Movie: Shanghai

Cast: Emraan Hashmi, Abhay Deol, Kalki Koechlin

Director: Dibakar Banerjee

Jagran Rating: Good

Story Line: Now much awaited movie Shanghai has hit the theater on Friday. Shanghai movie is a basically political thriller and viewers will witness the sensuous socialism and capitalism ideologies with a strong concept.

Shanghai is a dark earthy film; it’s a drama played over and over again in front of us in the 9 pm news, these are characters we are acquainted with. Dibakar only presents the logistics behind the lies and the motive behind the machination.

This political drama intertwines the lives of Shalini Sahay (Kalki), dropout from an American university, videographer Joginder Parmar (Emraan) and IAS officer Krishnan, through a single event of the public murder of Dr Ahmedi, an activist opposing a government project to build a ‘progressive’ business park by displacing an entire slum population. Kalki, crazily in love with her ex-professor Ahmedi, takes it upon herself to fight for justice. Events unfold in a way that reveals in sharp-focus our hypocrisy as a society, our moral dilemmas with corruption and our flawed vision of progress.

Dibakar excels at this of course. He revels in our tawdry lower middle class excesses, the gudh and the gobar, but above all our obsession with worship – Kalki’s hero-worship of her professor, Bhaggu’s blind devotion to his political leaders, and Krishnan’s following of his aspirations. He also deftly brings out on a platform issues like displacement and disparity that are rarely seen in our films. At times though, the film does appear disjointed and scenes seem lined up all in a hurry.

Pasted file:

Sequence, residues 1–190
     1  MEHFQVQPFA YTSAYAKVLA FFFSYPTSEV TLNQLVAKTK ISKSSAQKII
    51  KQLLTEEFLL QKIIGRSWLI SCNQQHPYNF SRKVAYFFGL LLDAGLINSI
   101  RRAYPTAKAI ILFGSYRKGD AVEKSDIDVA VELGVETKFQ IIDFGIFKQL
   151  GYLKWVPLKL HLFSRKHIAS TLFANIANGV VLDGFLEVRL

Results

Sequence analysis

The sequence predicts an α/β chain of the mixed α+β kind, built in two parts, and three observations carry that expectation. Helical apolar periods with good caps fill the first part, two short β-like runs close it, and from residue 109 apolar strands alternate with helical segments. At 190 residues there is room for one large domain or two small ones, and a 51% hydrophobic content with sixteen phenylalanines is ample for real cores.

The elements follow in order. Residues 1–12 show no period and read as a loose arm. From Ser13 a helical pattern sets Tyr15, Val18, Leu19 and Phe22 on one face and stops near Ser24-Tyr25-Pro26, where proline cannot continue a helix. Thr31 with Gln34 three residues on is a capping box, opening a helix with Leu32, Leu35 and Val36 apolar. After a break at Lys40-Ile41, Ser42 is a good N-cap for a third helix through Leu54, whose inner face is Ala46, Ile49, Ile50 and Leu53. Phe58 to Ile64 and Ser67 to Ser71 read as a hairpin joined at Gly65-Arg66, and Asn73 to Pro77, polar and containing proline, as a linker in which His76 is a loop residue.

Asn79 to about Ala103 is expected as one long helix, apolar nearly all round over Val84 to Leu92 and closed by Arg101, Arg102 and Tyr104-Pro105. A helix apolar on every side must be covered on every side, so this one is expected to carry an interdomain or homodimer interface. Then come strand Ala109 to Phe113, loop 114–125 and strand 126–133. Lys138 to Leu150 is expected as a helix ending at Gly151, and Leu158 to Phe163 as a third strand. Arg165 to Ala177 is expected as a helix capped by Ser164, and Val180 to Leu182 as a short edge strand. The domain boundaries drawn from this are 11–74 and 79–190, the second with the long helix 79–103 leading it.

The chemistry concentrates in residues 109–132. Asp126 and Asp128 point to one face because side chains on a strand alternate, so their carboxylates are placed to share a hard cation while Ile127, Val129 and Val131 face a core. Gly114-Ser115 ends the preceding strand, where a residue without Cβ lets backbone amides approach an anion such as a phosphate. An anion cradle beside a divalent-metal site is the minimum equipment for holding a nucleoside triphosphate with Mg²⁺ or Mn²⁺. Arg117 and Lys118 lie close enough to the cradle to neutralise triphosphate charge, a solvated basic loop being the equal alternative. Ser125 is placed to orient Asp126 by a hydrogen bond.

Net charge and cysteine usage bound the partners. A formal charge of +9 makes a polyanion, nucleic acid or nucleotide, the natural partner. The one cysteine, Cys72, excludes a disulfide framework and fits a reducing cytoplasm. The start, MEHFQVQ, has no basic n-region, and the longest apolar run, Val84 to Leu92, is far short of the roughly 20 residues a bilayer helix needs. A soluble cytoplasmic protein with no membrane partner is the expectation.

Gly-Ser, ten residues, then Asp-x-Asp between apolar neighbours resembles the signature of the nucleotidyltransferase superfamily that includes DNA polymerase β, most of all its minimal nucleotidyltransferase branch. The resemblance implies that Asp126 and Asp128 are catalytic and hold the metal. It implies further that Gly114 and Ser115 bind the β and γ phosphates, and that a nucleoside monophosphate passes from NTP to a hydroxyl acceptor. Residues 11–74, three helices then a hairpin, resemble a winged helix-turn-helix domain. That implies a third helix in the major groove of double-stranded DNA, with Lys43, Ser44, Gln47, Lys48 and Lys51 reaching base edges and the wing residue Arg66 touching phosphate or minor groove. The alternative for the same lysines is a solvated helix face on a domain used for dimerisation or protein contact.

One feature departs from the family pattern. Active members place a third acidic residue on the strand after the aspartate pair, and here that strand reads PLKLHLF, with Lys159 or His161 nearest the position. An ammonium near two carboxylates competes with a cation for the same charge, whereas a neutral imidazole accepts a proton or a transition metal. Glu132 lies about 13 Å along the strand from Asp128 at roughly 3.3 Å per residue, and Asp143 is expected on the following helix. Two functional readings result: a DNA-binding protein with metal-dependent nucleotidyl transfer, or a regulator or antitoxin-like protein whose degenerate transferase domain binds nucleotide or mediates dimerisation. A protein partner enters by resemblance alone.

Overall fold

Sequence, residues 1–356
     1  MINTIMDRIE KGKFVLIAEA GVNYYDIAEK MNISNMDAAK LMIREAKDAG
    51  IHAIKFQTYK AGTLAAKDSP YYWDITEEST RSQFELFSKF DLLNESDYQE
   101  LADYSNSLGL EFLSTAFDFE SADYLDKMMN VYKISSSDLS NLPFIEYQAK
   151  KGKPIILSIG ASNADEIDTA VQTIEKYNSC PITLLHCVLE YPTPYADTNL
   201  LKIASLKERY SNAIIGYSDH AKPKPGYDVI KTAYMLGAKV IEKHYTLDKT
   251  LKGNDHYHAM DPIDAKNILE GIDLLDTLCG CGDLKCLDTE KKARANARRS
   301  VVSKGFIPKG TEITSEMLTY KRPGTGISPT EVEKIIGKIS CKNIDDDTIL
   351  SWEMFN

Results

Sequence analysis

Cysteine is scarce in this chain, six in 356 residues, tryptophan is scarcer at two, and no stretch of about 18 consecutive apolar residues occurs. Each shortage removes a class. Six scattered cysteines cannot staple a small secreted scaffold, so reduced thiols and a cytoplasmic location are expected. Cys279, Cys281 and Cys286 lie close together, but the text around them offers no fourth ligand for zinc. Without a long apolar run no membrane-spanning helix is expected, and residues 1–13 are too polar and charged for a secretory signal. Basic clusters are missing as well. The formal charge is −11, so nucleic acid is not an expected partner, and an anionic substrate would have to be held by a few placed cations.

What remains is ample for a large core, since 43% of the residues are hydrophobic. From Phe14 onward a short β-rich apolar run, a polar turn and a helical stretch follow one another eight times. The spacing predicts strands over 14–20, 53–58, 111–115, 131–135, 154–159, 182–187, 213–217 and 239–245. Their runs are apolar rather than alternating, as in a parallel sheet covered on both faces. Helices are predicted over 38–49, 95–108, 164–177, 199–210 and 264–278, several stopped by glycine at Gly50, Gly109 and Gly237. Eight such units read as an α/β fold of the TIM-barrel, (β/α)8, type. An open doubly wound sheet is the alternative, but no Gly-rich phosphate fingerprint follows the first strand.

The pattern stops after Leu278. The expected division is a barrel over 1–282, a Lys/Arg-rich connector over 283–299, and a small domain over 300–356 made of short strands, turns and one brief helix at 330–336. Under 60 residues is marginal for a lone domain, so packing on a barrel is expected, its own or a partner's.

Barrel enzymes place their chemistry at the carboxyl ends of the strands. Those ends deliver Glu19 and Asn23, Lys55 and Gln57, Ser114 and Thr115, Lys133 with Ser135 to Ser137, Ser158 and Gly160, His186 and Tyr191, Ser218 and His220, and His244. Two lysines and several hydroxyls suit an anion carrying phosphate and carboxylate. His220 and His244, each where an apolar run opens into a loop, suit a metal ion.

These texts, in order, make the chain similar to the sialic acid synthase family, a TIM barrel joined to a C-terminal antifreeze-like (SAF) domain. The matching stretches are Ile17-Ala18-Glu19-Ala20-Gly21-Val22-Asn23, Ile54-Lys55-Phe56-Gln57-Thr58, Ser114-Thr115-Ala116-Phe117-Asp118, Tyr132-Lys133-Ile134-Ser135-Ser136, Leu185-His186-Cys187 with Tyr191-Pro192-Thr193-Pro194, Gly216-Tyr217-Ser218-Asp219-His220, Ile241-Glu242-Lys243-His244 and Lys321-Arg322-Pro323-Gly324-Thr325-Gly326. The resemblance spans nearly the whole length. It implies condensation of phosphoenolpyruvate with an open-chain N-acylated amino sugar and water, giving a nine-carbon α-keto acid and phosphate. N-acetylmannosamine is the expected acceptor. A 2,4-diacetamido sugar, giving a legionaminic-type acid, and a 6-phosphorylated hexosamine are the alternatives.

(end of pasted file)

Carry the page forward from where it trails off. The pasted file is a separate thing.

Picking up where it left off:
Thumbs Up: Shanghai is a serious motion picture that has a voice, unlike the typical and usual masala movies. Abhay is his usual restrained self, but you can tell the super-fine Madrasi accent he’s worked on so diligently.

Emraan, of course, is the jack-in-the-box. He jumps at you with his character’s smalltown swagger and uncouth charm. It would have been easy for him to lay it on thick, but he doesn’t. Instead he underplays and a little into the film, the lustful Lothario turns loveable. Shanghai walks the thin line between mainstream and meaningful cinema, and does so beautifully. Dibakar succeeds in keeping us engrossed throughout the film.

Thumbs Down: After watching this movie we unable to find any flaws in it and it meant for serious cinema lovers.

Shanghai has definitely taken the bollywood movie regime to a step further with its offbeat subject and excellent show of direction and acting. Its truly a worth watch.


(*Bad,**Disappointing,***Average ,****Good,*****Excellent)

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